The fire was burning low and the embers sent only a feeble glow around the Council Rock. Behind them the forest stretched darkly away, and in the stillness that brooded over them the sound of the lapping water beneath came up with a curious distinctness. Oh-Pshaw shuddered as she heard it and drew closer to the fire.
“What’s the matter, are you cold?” asked Nyoda.
“I hate the sound of running water!” exclaimed Oh-Pshaw. “It fairly makes my blood curdle. It’s been so ever since I can remember. I hate it in daylight, but at night it makes my hair stand on end! If I were out here alone with it I’d simply go insane!”
“Why, how queer!” said Sahwah, unable to understand how anyone could be afraid of her beloved element, and the others laughed, too, thinking that Oh-Pshaw was only exaggerating, as most girls do over their little peculiarities.
“It is queer,” said Agony, “because water doesn’t affect me a bit like that. I love to hear it, day or night. But it’s been that way with Oh-Pshaw ever since she was little. I can remember once when we were about five years old she had spasms because our nurse left us alone in the bathtub when the water was running in. She can’t even stand it to hear the water running down the eave spouts during a heavy shower.”
The Winnebagos all laughed again at this queer “bete noir” of Oh-Pshaw’s, all but Nyoda. She knew something which the girls did not, and which neither Agony nor Oh-Pshaw herself knew, something which had been told her by Grandmother Wing in one of her talks with Nyoda. That was that when Oh-Pshaw was a baby only three months old she had been taken out in a sailboat by her father and mother on the river which ran through Oakwood. A squall came up and the boat capsized and all three were thrown into the wildly rolling river. They were promptly rescued by a nearby launch, all unhurt, but the moaning, gurgling sound of the water had stamped itself indelibly on Oh-Pshaw’s tiny brain and she would never again be able to hear that gurgling noise without a sensation of horror. During her infancy, even the sound of water gurgling out of a bottle was sufficient to throw her into spasms. She had never been told about the accident, in the hope that she would outgrow the shock and get over the fear, but she had never outgrown it. She no longer had spasms when she heard water gurgling, but the sound chilled her to the very marrow of her bones, and she never went alone, even in daylight, past the river.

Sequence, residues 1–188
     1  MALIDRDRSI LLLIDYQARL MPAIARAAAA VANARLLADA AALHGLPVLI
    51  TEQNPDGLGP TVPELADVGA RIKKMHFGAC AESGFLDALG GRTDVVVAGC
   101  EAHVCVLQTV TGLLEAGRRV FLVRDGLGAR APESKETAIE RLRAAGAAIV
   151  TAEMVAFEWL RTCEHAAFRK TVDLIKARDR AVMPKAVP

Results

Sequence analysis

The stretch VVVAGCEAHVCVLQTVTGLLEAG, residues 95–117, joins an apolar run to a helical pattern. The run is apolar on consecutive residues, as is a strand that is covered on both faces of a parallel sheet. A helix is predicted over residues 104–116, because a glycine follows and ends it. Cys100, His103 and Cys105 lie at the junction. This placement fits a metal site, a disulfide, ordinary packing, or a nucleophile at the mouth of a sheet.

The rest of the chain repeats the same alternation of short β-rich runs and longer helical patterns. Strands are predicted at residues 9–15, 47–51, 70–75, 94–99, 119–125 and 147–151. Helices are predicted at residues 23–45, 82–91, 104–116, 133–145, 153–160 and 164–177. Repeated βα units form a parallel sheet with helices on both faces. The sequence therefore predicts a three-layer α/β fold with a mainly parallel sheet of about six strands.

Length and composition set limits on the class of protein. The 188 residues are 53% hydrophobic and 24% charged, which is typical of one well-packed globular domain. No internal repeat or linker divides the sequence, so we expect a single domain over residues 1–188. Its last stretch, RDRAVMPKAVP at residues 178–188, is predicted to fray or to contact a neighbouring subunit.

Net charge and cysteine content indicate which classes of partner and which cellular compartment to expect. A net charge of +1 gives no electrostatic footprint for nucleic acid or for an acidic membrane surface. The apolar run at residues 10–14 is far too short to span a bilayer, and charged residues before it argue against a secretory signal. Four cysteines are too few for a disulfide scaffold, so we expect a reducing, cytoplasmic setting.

Nyoda knew how real this fear was and sympathized deeply with her, although she pretended to make light of it, as the others did. Nyoda and the Winnebagos loved to sit in the silence of the woods when the fire burned low and listen to the murmuring of the water, but for Oh-Pshaw’s sake they must not do it to-night.
“Come, girls,” Nyoda called cheerily, “‘Fire’s gwine out,’ time to sing ‘Mammy Moon’ and then go home.”